I even scrubbed the tile floor in my new office, preparing it for the arrival of my file cabinets and boxes and boxes of books.



Out in the garage, my contractor, Jeff Durham, has worked magic with a structure that was only partly finished, and that badly. Jeff stripped crumbling drywall, replaced the non-fireproof door to the house, took out a dinosaur of an inoperable gas heater, and carefully rebuilt a cozy space for Red to live.



Red, snug in the garage this evening


Yesterday, I mopped the garage floor so there would be a clean place for the movers to put boxes and bins when the big truck arrives on Tuesday. Then I put the first coat of Bona on the floors, and while it was drying, I took a break and walked up the hill to the Post Office to collect my mail, and then back downtown to join the Cody Women’s Rally at City Park. 



Left to right: Spirit and Rattlesnake mountains and Red Butte, from my incredibly scenic walk to the Post Office. 


I wasn’t sure to expect at the Rally–Wyoming is a Republican state, and we just elected Liz Cheney (the not-good daughter of that Cheney) as our second US Senator. By the time I got to the park, a rowdy but good-natured crowd of over 450 people had gathered, young to old, many sporting pink pussy caps and carrying signs.



My favorite sign from the rally, both for the design and the message: “A woman’s place is in the resistance.” 


I stood in warm sunshine with friends Connie and Jay Moody while we listened to speakers reminding us of the value of women’s rights, immigrant rights, access to healthcare, and combating global climate change. Between cheering the speakers, Connie and Jay introduced me to their many friends.


My favorite part of the rally was a small moment, one that speaks volumes about the labels and stereotypes we allow to divide us. City Park is right in the center of Cody, fronting the main highway through town. As traffic passed, some drivers cheered the crowd, some yelled insults. I looked up as a semi hauling a load of logs thundered slowly along.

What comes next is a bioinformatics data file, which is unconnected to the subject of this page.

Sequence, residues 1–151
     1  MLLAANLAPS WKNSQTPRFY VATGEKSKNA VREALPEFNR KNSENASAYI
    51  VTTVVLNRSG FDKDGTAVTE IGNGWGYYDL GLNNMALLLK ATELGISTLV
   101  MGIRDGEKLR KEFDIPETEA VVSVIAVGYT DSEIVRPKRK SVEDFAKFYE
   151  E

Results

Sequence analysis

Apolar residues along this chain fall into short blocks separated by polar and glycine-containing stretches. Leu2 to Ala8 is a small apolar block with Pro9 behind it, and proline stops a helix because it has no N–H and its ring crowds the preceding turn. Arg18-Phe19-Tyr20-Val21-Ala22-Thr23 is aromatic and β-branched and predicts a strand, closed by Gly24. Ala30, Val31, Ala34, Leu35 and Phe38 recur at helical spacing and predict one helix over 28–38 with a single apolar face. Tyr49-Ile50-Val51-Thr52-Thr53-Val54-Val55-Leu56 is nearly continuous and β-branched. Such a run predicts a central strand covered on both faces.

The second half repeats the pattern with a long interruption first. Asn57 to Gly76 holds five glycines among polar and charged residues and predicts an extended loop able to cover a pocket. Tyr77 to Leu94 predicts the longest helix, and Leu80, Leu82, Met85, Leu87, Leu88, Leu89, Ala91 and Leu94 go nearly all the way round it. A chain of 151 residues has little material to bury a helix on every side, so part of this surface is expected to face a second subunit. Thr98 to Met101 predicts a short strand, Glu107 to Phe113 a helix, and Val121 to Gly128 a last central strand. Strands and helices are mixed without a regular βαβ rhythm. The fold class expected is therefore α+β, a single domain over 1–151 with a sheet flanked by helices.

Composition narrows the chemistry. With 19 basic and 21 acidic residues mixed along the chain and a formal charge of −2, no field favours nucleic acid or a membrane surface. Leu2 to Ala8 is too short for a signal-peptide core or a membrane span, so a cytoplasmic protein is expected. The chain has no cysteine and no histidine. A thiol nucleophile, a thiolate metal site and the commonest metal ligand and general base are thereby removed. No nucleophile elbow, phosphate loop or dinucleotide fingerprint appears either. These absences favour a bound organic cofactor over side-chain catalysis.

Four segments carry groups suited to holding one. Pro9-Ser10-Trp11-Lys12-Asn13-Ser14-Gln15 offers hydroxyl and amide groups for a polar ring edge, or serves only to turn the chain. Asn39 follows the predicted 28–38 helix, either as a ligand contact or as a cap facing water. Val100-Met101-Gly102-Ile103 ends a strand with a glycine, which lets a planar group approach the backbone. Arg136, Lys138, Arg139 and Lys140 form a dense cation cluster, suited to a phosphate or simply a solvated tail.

The young male driver honked, pumped his fists, and then rolled down his window. I thought, “Uh oh!” Then he yelled, “I’m with you!” The crowd cheered. The driver honked his air horn again, a huge smile lighting his face, and drove on.  


On the political maps, Wyoming is marked as a Red State. That doesn’t mean that this is a bad place full of hateful people. Our world is more complicated than that. What really matters is not the labels or the divisive politics, it’s how we treat each other, the quality of the communities we grow, and how we work together in positive ways to nurture each other, our planet, and its web of lives.


This country is a democracy, not a monarchy. It is up to each of us to take part and set the tone for the America we believe in; the collective impact of our lives and actions is what makes this country great, not the loudest or most hateful voice. 


We can’t let the fear and bullying take away our power to do good and be compassionate every single day. We all need to stand up, raise our voices, and be involved in positive ways, wherever we are.


As the log-truck driver reminded me, it’s who we are inside that matters, not the labels and stereotypes we apply. There are good, caring, compassionate people everywhere. Let’s work together to be the America we all believe in. 



Blessings to you all from the blue-dusk sunset in my snowy Wyoming neighborhood.